Aussie wheelchair champ wins London Marathon
AUSTRALIA'S Madison de Rozario has taken maiden honours in the women's wheelchair race at the London Marathon, a week after claiming gold at the Commonwealth Games.
The 24-year-old finished in one hour 42 minutes 58 seconds on Sunday ahead of four-time champion Tatyana McFadden, with another American, Susannah Scaroni, third.
De Rozario is a triple Paralympic silver medallist and dual world champion, and claimed gold in the T54 1500m and marathon for the host nation on the Gold Coast this month.
Commonwealth Games champion Kurt Fearnley finished fifth in the men's wheelchair race.
The 37-year-old Australian, who ended his career representing Australia with victory on the Gold Coast where he carried the flag at the closing ceremony, clocked a time of one hour, 31 minutes 24 seconds.
Britain's David Weir crossed first for his eighth London Marathon title, storming to another victory in a sprint finish ahead of Switzerland's Marcel Hug.
Praising compatriot de Rozario for her efforts, Fearnley tweeted: "Take a bow ake (sic) a bow @madiderozario!!! Commonwealth Games Champion & now London Marathon Winner!!! 24 yrs old, all heart & the world is waiting! I got 5th today & in dire need of a holiday time for some family time."
In the men's marathon, Olympic 5000m champion Eliud Kipchoge defied the heat to win the event for a third time, while Mo Farah finished in an impressive third place, breaking the British record in the process.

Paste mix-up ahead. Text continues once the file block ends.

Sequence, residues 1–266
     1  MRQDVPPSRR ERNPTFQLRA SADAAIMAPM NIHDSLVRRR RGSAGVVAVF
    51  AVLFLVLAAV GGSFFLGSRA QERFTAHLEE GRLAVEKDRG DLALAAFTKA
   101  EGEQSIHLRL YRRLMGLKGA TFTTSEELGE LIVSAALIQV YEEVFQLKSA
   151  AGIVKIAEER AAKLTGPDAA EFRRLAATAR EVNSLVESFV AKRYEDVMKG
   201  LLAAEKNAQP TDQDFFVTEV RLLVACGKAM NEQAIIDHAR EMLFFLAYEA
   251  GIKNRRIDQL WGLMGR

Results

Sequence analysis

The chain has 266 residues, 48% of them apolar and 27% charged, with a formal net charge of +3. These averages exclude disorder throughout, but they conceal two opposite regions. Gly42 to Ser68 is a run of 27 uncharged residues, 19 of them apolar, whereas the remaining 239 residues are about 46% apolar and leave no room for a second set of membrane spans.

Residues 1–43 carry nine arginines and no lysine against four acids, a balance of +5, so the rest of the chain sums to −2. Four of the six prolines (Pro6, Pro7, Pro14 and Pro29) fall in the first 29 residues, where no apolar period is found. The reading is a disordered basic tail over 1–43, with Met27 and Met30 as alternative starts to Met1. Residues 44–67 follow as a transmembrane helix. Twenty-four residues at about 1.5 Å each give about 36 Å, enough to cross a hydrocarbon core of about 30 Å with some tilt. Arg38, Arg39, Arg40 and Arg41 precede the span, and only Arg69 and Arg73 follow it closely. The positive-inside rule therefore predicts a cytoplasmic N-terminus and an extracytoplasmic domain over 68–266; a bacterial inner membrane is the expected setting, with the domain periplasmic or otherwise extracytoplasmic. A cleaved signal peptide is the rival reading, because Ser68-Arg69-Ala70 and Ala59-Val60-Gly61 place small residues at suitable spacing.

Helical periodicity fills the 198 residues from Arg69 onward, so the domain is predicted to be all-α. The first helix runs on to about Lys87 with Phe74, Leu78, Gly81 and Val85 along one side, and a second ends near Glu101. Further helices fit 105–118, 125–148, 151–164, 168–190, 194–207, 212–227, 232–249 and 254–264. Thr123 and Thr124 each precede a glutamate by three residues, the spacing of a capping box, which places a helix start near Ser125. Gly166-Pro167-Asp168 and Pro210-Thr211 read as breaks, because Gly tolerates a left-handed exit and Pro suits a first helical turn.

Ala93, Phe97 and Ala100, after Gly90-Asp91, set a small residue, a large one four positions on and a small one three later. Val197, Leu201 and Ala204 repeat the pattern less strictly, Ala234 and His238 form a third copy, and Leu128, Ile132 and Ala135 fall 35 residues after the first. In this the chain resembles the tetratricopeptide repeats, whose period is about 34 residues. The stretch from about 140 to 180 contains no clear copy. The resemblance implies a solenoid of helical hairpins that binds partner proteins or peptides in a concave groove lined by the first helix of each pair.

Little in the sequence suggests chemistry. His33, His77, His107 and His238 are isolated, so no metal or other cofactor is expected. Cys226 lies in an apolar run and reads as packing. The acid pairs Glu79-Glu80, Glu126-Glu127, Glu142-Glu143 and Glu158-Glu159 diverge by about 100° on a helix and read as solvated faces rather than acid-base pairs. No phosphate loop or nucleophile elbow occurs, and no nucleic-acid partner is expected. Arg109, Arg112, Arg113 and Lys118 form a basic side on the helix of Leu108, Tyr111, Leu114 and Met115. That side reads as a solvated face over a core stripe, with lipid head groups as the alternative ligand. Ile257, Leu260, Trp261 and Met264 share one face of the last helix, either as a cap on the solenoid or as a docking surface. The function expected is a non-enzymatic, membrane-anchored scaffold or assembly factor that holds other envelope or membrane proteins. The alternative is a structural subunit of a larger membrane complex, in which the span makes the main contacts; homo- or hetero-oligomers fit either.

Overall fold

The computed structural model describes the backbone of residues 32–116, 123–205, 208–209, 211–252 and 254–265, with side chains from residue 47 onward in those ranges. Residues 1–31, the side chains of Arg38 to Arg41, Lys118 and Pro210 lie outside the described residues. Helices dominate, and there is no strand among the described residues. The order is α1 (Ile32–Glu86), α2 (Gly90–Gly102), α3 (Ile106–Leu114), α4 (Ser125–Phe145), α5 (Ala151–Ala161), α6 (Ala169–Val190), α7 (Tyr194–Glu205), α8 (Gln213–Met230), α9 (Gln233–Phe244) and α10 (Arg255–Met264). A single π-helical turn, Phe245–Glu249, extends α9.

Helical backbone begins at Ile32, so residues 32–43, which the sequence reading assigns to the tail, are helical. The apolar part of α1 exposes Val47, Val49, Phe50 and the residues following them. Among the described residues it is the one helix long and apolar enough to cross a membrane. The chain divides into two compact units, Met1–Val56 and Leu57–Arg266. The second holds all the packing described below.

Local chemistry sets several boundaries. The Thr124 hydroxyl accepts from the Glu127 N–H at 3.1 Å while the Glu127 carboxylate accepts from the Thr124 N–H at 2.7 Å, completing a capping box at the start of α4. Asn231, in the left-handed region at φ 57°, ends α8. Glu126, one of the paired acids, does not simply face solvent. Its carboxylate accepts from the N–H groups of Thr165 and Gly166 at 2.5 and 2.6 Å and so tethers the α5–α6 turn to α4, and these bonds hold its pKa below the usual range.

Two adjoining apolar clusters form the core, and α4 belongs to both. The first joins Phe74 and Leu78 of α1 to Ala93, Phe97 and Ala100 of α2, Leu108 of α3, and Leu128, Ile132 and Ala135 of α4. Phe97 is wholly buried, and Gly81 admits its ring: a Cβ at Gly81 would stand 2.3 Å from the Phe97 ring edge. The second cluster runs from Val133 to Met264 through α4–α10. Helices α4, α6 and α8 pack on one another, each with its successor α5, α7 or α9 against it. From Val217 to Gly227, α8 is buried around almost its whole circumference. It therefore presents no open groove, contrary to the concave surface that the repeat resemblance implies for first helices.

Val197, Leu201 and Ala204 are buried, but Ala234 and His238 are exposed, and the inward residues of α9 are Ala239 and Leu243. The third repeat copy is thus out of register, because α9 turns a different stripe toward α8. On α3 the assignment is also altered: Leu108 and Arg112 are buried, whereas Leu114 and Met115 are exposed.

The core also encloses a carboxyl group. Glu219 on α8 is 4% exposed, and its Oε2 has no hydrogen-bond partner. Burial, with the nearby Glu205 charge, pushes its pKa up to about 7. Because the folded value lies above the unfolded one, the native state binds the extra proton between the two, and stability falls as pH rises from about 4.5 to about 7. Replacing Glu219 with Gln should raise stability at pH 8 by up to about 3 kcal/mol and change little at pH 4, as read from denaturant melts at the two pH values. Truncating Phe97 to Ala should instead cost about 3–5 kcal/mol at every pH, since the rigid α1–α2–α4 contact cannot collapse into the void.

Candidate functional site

Kipchoge raced out of the start on Sunday, with the leading group registering a blistering opening mile of four minutes 22 seconds, but the Kenyan couldn't maintain that pace as temperatures rose more than 20C.
Farah, who overcame early problems with his drinks bottle, fell well behind Kipchoge but still registered a time of 2:06:32 to break Steve Jones's British record achieved in 1985.
Kipchoge's fellow Kenyan Vivian Cheruiyot earlier won her first women's London Marathon, just a year after taking up the distance at 33.
There was a home success with David Weir winning the men's wheelchair race for an eighth time after a sprint finish.
Thousands of fun runners, many raising money were charity, took on the marathon challenge but doctors warned people to be careful and take in lots of fluids given the unseasonably hot weather in the British capital.